The Jacob’s Ladder Toy and Its Mysterious History

The Jacob’s Ladder is an old-timey pastime that has made a surprising comeback recently. Twenty years ago wooden versions were available only from retailers making a stand against modern soulless plastic toys.  Jacob’s Ladders now can be obtained in different designs and materials quite inexpensively because they have been redefined as a “sensory” or  “fidget” toy that can help relax and focus autistic children. It is also  recommended as a good distraction for small, restless travelers or pupils having trouble sitting still. The kinetic illusion has been demystified by all the bloggers who have posted step-by-step illustrated instructions for crafting a Jacob’s ladder at home.

Cotsen has three or four old Jacob’s Ladder toys and I decided to try and confirm the date of manufacture for the earliest one, which is supposed to be late eighteenth or early nineteenth century.

Digging up material about the toy’s origins and history is a lot hard than finding instructions for making one!  Almost every scrap of information I  found was suspect, starting with the claims that the toy dates back to the Pharoahs.  The name, it is confidently asserted, was inspired by the account of Jacob’s dream in Genesis, but the earliest use in the Oxford English Dictionary appeared in 1820 and makes no reference to the Bible.  From the colonial period, the Jacob’s Ladder was supposed to have been a favorite Sabbath toy, so the wealth of  nineteenth-century American texts on-line would surely yield up a reference,  advertisement, or picture or two.   But searching on “Jacob’s Ladder toy” and all the alternative names–Aaron’s Bells, Chinese Blocks, Click-klack toy, Magic Tablets, Tumbling Blocks–failed to turn up anything useful. The pile of authoritative books on the history of toys in my study were no more helpful.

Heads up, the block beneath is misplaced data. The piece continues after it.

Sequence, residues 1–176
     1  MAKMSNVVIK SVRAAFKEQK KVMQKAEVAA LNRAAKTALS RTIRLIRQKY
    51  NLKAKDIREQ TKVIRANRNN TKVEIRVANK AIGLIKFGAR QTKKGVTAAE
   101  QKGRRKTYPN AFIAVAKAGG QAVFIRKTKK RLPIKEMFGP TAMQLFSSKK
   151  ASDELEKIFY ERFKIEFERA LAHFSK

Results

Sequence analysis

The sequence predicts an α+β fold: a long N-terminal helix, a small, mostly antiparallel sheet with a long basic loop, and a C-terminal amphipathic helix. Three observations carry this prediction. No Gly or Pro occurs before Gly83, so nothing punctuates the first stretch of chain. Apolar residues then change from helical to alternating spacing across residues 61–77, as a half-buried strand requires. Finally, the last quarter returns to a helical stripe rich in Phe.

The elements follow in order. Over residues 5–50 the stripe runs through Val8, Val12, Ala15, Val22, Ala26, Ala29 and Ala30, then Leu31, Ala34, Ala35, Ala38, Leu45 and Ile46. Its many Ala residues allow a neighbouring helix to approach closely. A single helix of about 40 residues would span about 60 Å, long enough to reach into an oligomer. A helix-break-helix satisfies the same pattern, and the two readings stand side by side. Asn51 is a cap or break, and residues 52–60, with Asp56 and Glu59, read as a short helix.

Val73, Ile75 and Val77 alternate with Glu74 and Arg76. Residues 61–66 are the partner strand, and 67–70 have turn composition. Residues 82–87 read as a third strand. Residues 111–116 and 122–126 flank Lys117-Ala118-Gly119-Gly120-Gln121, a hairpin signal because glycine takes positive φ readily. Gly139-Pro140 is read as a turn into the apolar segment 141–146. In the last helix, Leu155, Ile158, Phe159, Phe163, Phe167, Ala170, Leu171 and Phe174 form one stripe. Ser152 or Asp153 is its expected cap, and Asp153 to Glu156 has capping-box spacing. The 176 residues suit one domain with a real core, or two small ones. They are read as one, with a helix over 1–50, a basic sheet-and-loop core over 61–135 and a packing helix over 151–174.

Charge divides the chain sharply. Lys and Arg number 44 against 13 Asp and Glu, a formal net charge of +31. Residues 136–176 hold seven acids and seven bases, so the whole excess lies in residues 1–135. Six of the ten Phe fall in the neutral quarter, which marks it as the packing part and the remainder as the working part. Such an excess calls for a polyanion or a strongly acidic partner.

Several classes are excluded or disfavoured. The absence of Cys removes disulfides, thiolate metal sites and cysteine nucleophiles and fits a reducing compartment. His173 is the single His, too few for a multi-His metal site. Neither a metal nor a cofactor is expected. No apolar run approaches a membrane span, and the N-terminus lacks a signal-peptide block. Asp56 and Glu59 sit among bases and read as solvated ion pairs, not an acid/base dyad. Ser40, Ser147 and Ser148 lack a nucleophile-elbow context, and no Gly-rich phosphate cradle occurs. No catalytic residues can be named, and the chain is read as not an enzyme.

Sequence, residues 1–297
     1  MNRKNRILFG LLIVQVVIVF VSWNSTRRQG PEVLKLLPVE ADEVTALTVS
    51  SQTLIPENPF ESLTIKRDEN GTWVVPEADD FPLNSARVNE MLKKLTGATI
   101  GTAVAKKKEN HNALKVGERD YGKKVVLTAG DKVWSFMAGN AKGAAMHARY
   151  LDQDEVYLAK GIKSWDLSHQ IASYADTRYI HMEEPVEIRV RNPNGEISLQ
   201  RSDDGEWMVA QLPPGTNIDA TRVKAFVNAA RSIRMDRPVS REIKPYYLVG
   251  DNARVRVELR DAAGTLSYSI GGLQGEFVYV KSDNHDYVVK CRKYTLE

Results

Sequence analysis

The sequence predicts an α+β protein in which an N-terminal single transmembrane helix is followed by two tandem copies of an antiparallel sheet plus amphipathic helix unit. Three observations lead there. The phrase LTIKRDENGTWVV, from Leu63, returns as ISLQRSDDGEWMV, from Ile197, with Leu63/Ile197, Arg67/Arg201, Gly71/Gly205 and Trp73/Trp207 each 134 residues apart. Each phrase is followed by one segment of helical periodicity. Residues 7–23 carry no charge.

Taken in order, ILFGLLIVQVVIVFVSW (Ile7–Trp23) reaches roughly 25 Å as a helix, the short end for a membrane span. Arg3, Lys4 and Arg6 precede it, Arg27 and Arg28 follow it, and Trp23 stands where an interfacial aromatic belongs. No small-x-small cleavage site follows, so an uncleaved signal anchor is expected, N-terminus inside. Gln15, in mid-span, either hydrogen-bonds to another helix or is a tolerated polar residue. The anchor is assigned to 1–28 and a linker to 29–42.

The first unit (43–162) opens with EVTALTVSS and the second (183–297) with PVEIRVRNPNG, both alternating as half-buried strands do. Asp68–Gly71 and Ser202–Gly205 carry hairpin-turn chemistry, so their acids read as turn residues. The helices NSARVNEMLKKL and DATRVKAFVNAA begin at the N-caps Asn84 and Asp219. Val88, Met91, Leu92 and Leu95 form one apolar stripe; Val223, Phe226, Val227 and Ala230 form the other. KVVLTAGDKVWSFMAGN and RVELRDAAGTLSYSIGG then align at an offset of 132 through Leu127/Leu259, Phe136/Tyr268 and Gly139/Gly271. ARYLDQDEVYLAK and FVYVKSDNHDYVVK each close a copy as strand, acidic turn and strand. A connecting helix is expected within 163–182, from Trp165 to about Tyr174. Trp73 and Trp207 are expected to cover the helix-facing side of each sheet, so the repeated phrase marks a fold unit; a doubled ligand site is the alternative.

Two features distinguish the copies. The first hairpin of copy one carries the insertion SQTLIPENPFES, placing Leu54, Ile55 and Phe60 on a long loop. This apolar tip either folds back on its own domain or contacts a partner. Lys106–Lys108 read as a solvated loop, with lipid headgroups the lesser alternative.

The most unlikely finds–two pieces by Charles Dickens, a short story “A Christmas Tree” from Household Words (1850) and an essay, “Toys, Past and Present” from All the Year Round, October 1 1876– turned out to contain pure gold.  The Jacob’s Ladder hanging on the tree in the short story describes it as “made of little squares of red wood, that went flapping and clattering over one another, each developing a different picture, and the whole enlivened by small bells, was a mighty marvel and a great delight.”  The passage in “Toys, Past and Present”  explains in greater detail how the marvelous effect was created and why gave so much pleasure: “It consisted of six oblong pieces of wood, adorned with pictures on both sides, and so connected with tapes that when the top piece, which was held in the hand, was turned down, all the others would turn down likewise by an apparently spontaneous movement, causing a new series of pictures to be presented to the eye, which was highly gratified by the change, as were also the ears by the clattering of the wooden tablets and the tinkling of some little bells which they were decorated.”